A silent epidemic of major congenital malformations in Tigray, northern Ethiopia: hospital-based study

Sci Rep. 2021 Oct 26;11(1):21035. doi: 10.1038/s41598-021-00240-7.


Congenital malformations are defects of the morphogenesis of organs or body during the pregnancy period and are identifiable at pre- or postnatal. They are identified as the major cause of child mortality worldwide. There is a need to understand the prevalence of congenital malformations in Tigray and Ethiopia in general as surveillance data are lacking. Hence, this study was designed to investigate the burden of major congenital malformations in the Tigray Region, Northern Ethiopia. Hospital-based cross-sectional study was conducted to identify neonates with major congenital anomalies in the labor ward admitted at six major public hospitals of Tigray region, Ethiopia between January 2018 and 2019. All newborns/neonates delivered in all study hospitals during the study period were considered as the study population. The prevalence of major congenital anomalies and the distribution of each type of major congenital anomalies within total birth were calculated. Data on maternal, and newborn demographic characteristics was collected. Statistical analysis was done using SPSS and p value < 0.05 was considered significant. A total of 12,225 births and terminations were recorded in the six hospitals during the study period. Of total 12,225 births and terminations examined, 383 births had major congenital malformations and the overall prevalence of congenital malformations was 3.13% of the total births examined. Congenital anomalies (CAs) of the central nervous system specifically neural tube defects (NTDs) were the commonest anomalies in this study, found in 68.7% (263NTDs/383 CAs) of the neonates with CAs. The overall prevalence of NTDs was 2.15% (263/12,225 births) of the total births examined. Maternal factors such as women 20 years of age or younger (p < 0.0001) and women older than 35 years of age (p < 0.0001), abortion history (p < 0.0001), gravidity above 4 (p = 0.005), were more likely associated with an increased risk of babies with congenital anomalies. Fetal factors including gestational ages below 28 weeks (p < 0.0001) and above 40 weeks (p < 0.0001) were strongly associated with an increased risk of babies with congenital anomalies. However, these associated factors were not resulted from multivariable logistic regression analysis. Thus, the result might be affected by possible confounding factors. This study has shown a high prevalence of major congenital anomalies in the study community. Of the total congenital anomalies observed, most of neonates are affected with neural tube defects, a birth defect with well-established evidence having folic acid deficiency or insufficiency is the predominant cause of spina bifida and anencephaly. This just screams urgency to implement effective/mandatory/ programs to get all women of reproductive age an adequate folic acid to prevent spina bifida and anencephaly.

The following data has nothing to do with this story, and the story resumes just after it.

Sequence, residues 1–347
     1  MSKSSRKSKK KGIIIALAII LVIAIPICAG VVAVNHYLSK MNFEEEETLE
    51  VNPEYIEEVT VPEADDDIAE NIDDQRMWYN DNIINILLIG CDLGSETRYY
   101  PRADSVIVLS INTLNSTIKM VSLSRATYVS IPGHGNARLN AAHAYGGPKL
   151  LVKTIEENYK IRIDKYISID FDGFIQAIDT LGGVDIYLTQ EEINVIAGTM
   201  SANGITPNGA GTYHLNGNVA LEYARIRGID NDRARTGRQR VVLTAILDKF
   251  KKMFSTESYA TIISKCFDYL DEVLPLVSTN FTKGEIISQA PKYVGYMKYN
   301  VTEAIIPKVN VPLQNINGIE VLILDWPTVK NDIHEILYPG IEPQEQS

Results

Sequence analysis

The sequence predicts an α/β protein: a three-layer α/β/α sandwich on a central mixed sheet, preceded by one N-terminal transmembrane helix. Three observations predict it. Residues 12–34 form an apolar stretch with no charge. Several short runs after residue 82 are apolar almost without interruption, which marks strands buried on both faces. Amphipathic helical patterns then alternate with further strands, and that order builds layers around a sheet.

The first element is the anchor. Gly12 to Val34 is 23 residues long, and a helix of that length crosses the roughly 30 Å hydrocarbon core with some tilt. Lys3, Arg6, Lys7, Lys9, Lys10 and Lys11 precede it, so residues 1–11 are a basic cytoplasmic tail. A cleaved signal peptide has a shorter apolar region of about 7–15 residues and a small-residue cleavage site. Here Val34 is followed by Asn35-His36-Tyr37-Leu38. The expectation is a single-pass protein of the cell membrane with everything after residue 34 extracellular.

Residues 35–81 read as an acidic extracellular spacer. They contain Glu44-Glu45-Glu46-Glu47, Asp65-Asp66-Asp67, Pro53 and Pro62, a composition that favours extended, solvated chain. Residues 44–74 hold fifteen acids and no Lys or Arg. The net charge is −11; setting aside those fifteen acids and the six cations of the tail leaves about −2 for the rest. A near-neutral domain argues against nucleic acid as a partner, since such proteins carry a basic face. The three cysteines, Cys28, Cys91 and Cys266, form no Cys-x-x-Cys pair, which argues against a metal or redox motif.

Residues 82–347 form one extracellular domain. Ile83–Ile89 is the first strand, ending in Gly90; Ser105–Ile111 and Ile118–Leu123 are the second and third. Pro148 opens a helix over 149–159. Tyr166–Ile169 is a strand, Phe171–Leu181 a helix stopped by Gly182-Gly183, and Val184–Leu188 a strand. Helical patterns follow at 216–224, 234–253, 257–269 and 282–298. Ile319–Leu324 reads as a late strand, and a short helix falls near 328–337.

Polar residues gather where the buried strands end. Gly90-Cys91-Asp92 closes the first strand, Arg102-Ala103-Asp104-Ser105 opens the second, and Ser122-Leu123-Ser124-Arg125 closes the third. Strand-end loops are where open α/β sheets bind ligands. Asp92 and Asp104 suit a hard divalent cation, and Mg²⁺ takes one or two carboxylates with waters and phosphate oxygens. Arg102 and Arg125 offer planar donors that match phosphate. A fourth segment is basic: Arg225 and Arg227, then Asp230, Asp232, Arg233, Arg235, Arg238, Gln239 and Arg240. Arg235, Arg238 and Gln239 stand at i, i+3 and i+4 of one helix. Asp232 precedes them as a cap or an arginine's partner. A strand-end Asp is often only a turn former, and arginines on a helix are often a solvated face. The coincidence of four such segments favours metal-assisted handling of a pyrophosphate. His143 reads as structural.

Publication types

  • Multicenter Study
  • Research Support, Non-U.S. Gov't

MeSH terms

  • Adult
  • Anencephaly / epidemiology*
  • Cross-Sectional Studies
  • Ethiopia / epidemiology
  • Female
  • Folic Acid Deficiency / epidemiology*
  • Humans
  • Infant
  • Infant, Newborn
  • Male
  • Pregnancy
  • Spinal Dysraphism / epidemiology*